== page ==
Bachelor stage: Young and single, not living at home. These have few financial burdens and are likely to be concentrating on their career and thinking about buying property.
Newly Married Couples: Probable high combined income, thinking about buying property.
Empty nest: These will probably have savings and their financial situation is good. They may own a house but could be considering moving or buying to rent.
Occupation and Economic situation: Reasonably wealthy professional business people who use Bloomberg’s other services. They are likely to be looking for investment opportunities.
Based on market research and analysis and knowledge of its internal capabilities, the company must decide on its objectives, i.e. the market position it will seek. The objectives must be realistic and specific.
Bloomberg’s initial objective is to launch the magazine in the next year. This will involve setting up distribution systems, production and promotion. The price will be £3.50 and it will be sold in newsagents and book and magazine retailers. The magazine will carry adverts from estate agents. Promotion will involve advertising and direct marketing and will support the positioning strategy. Appropriate marketing communications budget will be allocated. The company will increase research expenditures to improve knowledge of the consumer decision-making process and to evaluate existing and potential competitors.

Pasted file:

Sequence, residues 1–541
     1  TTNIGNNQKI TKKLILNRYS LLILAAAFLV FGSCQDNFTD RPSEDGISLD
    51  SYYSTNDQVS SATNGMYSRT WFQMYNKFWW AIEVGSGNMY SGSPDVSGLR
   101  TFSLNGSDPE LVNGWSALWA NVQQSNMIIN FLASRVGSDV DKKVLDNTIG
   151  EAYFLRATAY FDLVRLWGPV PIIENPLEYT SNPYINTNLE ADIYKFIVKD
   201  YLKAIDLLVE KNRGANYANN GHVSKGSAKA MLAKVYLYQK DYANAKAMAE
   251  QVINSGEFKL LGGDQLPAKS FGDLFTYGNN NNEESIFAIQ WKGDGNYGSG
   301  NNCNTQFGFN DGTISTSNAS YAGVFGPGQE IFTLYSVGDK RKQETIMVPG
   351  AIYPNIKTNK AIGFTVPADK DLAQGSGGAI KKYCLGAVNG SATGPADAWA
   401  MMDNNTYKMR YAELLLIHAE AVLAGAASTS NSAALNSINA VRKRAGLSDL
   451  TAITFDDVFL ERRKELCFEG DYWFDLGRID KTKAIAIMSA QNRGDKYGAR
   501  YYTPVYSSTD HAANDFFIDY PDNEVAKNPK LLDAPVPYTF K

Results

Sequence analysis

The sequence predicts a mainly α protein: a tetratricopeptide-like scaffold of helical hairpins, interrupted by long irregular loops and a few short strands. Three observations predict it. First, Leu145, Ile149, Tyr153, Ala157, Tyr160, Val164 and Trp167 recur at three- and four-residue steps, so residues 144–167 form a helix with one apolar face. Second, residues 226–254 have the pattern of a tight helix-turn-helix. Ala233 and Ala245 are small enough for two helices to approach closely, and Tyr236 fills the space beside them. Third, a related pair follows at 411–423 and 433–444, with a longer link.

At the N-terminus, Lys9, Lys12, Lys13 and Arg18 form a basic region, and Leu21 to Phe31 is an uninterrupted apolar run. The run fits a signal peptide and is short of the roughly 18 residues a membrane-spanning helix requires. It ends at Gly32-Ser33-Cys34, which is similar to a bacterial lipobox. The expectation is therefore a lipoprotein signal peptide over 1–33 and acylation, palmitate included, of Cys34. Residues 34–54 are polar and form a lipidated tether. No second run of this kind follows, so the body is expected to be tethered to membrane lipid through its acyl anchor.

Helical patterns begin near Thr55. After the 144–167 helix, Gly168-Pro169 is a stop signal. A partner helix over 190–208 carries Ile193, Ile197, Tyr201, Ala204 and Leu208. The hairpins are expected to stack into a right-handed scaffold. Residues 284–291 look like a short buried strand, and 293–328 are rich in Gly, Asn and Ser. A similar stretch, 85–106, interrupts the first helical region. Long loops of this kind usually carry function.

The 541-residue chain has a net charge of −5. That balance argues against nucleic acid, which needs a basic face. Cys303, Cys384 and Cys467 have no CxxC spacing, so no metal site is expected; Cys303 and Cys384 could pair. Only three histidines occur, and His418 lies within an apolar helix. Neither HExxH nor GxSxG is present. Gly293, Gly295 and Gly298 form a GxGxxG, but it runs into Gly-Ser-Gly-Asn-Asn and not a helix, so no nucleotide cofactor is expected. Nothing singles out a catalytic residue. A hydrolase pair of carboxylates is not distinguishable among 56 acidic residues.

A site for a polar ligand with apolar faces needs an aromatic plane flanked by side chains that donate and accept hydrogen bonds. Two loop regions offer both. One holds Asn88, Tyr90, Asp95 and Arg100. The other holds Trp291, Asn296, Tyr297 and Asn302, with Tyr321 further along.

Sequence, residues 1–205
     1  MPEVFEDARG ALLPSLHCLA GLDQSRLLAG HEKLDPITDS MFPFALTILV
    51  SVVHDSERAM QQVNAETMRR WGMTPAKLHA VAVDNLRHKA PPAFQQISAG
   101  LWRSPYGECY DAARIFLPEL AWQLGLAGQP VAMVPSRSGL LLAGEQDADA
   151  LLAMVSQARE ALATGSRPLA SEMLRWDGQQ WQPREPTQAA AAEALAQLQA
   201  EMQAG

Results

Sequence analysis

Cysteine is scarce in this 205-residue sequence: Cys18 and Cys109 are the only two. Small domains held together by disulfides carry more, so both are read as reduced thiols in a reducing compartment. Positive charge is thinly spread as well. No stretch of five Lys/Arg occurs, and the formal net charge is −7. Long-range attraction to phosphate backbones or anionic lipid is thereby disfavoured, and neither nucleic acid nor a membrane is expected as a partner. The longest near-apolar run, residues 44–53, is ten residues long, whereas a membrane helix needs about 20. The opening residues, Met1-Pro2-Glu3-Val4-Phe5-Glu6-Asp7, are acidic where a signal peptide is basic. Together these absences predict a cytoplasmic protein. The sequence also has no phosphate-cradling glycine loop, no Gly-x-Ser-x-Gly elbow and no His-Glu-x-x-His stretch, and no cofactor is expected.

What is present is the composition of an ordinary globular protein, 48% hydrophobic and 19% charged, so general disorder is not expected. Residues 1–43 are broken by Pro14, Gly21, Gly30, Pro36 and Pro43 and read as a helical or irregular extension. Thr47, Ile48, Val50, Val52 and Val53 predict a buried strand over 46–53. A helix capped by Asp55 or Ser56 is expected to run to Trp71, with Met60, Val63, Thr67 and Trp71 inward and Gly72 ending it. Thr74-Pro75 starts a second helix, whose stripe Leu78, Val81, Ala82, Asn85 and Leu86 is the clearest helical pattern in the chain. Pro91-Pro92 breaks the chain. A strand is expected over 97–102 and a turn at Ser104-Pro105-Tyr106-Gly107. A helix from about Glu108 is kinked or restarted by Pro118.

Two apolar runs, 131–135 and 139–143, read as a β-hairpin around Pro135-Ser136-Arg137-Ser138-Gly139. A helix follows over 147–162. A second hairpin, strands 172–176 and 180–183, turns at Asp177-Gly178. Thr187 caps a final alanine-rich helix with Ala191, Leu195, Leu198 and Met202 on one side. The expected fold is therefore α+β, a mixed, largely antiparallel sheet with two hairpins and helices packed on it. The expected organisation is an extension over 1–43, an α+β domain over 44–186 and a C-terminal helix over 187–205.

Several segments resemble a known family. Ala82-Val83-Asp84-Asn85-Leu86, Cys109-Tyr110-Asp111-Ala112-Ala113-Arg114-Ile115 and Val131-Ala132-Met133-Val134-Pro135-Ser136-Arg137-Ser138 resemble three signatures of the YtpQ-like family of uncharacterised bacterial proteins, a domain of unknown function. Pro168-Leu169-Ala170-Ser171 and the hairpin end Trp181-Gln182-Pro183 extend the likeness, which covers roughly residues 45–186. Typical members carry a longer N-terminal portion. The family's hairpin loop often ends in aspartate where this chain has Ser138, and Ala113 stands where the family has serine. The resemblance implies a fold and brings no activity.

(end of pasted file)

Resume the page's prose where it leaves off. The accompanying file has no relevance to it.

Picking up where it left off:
Marketing effectiveness depends significantly on effective communication. The buyer’s perception of the seller’s market offering is influenced by the amount and type of information they have on the offering and their reaction to that information. Marketing, according to this view relies heavily on information flows between the seller and prospective buyers. Marketing involves decision-making activities, whereas marketing communications is the process of implementation of marketing decisions. Modern marketing calls for more than developing a good product, pricing it attractively and making it accessible. Companies must also communicate with present and potential stakeholders and the general public. According to Kotler every company is inevitably cast into the role of communicator and promoter.
The marketing communications mix consists of five major modes of communication:
Advertising: Any paid form of non-personal presentation and promotion of ideas, goods and services by an identified sponsor.
Sales promotion: a variety of short-term incentives to encourage trial or a purchase of a product or service.
Public relations and publicity: A variety of programs designed to promote or protect a company’s image or its products.
Personal selling: Face-to-face interaction with one or more prospective purchasers for the purpose of making presentations, answering questions, and procuring orders.
Direct marketing: Use of mail, telephone, fax, e-mail or Internet to communicate directly with or solicit a direct response from customers.
The marketing mix as a communication tool